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Start Early, Update Often

01:08AM Sep 04, 2014
office business farmer

Young farmers can be the driving force in succession planning

Time is a merciless thief. For farmers in their 20s and 30s, the future seems like a long ways off, but in today’s changing environment, the future will arrive quickly. Is your farm ready for transitions needed to continue? 

A common misconception is that families should start succession planning when an owner wants to retire. "When possible, the actual succession plan should be developed before the next generation starts working for the farm in a career position," says Gregg Hadley, Kansas State University farm management specialist. "Create an initial succession plan and then update it every year at the family business meeting." 

The plan is not and should not be set in stone. For young farmers, Hadley notes, income potential must be analyzed. The business has to pay for its investments, existing labor and management, and the next generation’s labor and management. "Once you are married and have kids, you need to be able to draw a competitive salary," he says. "Each year, the income potential needs to be discussed for both the incoming and the outgoing generation."

The default plan most farmers have is if they pass away, their spouse and children can have financial support by renting out the land, says David Wierman, attorney at Wessels Law Office in Rock Island, Ill. Farmers must closely examine their financial situation to make sure that it is feasible. 

Another key area to plan is workload and knowledge transfer. "Many times, young farmers start out as a glorified hired hand," Hadley says. "That’s fine starting out, but I’ve seen situations where 30 years later that person is still just the glorified hired hand. It is important to initiate communications early on how the workload, management and leadership load will be transferred."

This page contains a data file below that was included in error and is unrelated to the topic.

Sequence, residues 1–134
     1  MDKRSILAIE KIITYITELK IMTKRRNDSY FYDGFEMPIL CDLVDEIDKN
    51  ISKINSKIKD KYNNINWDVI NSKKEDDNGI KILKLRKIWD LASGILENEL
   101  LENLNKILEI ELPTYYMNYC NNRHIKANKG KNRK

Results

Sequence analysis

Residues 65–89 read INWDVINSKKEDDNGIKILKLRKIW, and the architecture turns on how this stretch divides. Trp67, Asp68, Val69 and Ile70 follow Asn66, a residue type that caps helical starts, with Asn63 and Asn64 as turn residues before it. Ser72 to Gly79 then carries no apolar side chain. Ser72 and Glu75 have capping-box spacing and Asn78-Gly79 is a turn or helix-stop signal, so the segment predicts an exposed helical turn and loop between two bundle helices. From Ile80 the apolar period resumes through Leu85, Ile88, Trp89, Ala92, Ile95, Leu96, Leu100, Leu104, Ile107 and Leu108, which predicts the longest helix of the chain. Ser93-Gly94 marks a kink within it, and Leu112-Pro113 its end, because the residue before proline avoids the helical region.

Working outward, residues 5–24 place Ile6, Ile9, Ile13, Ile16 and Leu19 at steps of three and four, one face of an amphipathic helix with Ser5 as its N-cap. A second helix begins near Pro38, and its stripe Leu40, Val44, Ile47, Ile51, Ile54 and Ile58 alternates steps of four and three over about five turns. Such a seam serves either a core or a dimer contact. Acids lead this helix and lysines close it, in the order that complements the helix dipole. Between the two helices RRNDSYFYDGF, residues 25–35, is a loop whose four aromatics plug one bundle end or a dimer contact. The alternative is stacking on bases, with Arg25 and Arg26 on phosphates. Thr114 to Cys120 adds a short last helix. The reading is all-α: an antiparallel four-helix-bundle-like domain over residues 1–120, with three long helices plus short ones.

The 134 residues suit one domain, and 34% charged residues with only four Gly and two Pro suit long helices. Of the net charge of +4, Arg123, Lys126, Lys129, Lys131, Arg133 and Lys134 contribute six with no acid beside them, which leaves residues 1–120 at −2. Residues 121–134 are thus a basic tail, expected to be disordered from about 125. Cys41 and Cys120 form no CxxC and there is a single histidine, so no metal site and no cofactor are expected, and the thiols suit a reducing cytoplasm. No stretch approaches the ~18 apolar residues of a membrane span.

You will likely face pushback. Be patient, Wierman says. "It is critical that the younger generation be sensitive to the planning concerns of the older generation," he explains.

Three Documents Every Young Producer Needs

Complete succession plans involve a portfolio of legal and financial documents. Young farmers should have these important papers drawn up, and they should review them every three years to ensure files are current and an accurate reflection of goals, notes David Wierman, attorney at Wessels Law Office in Rock Island, Ill.

1. Will-A legal document that communicates a person’s final wishes for possessions and dependents. Both farmers and spouses need wills. The document nominates the guardian of minor children. Most new parents are diligent about having the right documents in place for their first child, but be sure to update them for additional children.

2. Revocable Trust-Established during a grantor’s lifetime, this document is used to place some or all of a person’s property to avoid probate administration. Revocable trusts act like wills when a person dies, but they don’t require probate.

3. Power of Attorney-This document designates an individual as an attorney-in-fact to act on a farmer’s behalf if the farmer becomes disabled or incapacitated. Everyone over age 18 should have power of attorney for both finances and health care. The document avoids the need for a court proceeding to establish this power.

To download tools for family meetings, conversations and business planning, visit  



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